By Kizito Makoye
DAR ES SALAAM (Thomson Reuters Foundation) - Tanzanian police banned a demonstration on Monday to protest against attacks and murders of albinos, fuelling concerns that authorities are not committed to ending violence against albinos whose body parts are highly valued in witchcraft.
The protest, organized by the Tanzania Albinism Society, initially received police approval amid growing anger over the lack of protection for albinos in the wake of the recent abduction and suspected killing of two albino children.
A one-year-old boy, Yohana Bahati, was snatched from his home in Tanzania's northwestern Geita region last month. His body was found days later with his limbs severed. A four-year-old girl kidnapped in December in Mwanza region is still missing.
United Nations officials estimate about 75 albinos have been killed in the east African nation since 2000 and have voiced fears of rising attacks ahead of an election this year as aspiring politicians seek good luck charms from witch doctors.
Dar es Salaam Special Zone Police Commander Suleiman Kova was not immediately available to comment on the banning of the demonstration scheduled for March 3 that was designed to call on President Jakaya Kikwete to step up action to protect albinos.
But a police letter issued to the demonstrators said an investigation had uncovered the possibility of an outbreak of violence and a breach of peace during the protest.
Other government sources said the president was engaged with other duties and would not be able to receive the demonstrators.
Vicky Ntetema, head of Under The Same Sun - a Canadian non-profit dedicated to defending albinos - said blocking the demonstration sent the wrong message ahead of elections - a time when albinos have become more vulnerable to attacks.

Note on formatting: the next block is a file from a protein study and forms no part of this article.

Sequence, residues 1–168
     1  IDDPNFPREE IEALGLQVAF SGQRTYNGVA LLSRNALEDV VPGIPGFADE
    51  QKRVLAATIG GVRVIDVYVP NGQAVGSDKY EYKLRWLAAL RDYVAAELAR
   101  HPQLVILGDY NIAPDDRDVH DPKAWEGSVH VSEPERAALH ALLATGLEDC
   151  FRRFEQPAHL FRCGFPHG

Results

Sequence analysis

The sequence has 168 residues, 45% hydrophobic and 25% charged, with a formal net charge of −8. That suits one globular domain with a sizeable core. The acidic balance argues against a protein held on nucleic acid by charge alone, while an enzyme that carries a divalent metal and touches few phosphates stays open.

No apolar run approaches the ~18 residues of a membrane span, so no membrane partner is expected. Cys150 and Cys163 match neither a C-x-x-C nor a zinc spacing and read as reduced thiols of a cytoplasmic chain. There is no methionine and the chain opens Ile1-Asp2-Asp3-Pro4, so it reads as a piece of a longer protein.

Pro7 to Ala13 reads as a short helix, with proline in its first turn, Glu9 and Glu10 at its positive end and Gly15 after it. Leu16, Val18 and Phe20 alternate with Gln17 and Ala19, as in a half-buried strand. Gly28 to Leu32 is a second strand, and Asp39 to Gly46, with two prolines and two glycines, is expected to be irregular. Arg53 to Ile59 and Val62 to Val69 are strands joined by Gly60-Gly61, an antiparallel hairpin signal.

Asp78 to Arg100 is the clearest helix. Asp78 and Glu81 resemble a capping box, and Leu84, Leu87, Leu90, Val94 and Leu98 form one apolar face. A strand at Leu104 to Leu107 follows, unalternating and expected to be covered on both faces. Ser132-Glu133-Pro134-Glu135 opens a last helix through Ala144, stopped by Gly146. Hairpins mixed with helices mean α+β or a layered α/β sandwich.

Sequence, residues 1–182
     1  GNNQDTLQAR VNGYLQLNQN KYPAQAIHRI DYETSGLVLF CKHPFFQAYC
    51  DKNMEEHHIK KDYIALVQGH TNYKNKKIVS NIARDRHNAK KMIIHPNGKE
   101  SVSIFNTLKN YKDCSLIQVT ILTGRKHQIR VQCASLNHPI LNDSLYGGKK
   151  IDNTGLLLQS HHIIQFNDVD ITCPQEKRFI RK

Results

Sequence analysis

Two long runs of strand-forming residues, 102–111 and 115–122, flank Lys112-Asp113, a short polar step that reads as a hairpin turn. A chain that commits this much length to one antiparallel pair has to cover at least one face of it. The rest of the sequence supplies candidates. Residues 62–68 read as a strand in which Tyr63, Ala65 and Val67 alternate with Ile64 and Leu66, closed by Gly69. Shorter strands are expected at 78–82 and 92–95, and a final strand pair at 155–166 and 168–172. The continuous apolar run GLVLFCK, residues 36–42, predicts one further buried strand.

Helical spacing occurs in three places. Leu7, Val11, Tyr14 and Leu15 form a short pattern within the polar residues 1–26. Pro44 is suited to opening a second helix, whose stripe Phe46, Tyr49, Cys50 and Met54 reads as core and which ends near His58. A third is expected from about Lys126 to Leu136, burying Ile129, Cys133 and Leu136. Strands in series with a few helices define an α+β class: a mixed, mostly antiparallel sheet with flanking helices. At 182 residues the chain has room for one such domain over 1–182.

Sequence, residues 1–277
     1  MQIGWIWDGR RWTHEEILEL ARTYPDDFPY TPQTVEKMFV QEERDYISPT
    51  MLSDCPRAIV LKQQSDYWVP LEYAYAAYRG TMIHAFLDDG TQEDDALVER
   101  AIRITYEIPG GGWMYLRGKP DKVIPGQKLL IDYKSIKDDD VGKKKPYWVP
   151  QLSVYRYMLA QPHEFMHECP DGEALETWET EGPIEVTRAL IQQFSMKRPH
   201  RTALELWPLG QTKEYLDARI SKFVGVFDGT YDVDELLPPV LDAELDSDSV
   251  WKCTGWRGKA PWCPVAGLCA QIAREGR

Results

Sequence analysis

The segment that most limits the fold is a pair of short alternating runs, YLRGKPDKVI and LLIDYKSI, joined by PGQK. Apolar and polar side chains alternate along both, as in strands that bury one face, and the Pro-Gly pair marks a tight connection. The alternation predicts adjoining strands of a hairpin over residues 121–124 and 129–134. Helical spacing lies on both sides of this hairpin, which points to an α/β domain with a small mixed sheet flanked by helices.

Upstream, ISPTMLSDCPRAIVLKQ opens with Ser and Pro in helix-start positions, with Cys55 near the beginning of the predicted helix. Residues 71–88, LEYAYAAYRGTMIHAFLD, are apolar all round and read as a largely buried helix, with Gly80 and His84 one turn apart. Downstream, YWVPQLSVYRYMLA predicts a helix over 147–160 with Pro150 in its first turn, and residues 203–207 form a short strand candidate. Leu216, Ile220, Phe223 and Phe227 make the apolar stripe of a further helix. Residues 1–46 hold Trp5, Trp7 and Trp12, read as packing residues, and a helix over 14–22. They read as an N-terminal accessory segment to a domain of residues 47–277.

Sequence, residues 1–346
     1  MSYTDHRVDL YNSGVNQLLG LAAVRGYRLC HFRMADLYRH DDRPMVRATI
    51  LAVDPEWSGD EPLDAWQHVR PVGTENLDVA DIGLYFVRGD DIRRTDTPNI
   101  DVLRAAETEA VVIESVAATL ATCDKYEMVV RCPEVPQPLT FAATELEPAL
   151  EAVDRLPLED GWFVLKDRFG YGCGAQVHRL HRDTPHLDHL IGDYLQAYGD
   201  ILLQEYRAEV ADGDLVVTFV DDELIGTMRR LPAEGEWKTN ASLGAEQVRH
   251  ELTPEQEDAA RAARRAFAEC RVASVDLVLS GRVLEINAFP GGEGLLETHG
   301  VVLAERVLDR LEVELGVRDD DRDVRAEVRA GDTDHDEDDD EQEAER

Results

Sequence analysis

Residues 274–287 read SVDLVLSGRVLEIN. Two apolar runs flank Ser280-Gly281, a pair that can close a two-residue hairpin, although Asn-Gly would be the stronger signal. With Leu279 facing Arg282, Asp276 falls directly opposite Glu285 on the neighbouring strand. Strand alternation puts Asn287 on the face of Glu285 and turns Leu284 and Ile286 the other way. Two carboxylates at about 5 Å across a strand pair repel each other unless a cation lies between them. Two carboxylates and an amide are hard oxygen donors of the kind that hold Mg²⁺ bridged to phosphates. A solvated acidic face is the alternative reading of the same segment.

A U.S. survey in 2010 found although most Tanzanians are Christian or Muslim, 60 percent believed certain people could cast spells and curses. The government recently banned witch doctors to stop the trade in albino body parts used in spells.
"When a person with albinism has been murdered or mutilated, the government is numb. You don't hear leaders from the central government decrying the kidnapping, the mutilation or the killing," she told the Thomson Reuters Foundation.
"Nobody at the top says anything. It's something that the government has to be ashamed of."
Albinism is a congenital disorder which affects about one in 20,000 people worldwide who lack pigment in their skin, hair and eyes, according to medical authorities. It is more common in sub-Saharan Africa and affects about one Tanzanian in 1,400.
(Editing by Belinda Goldsmith)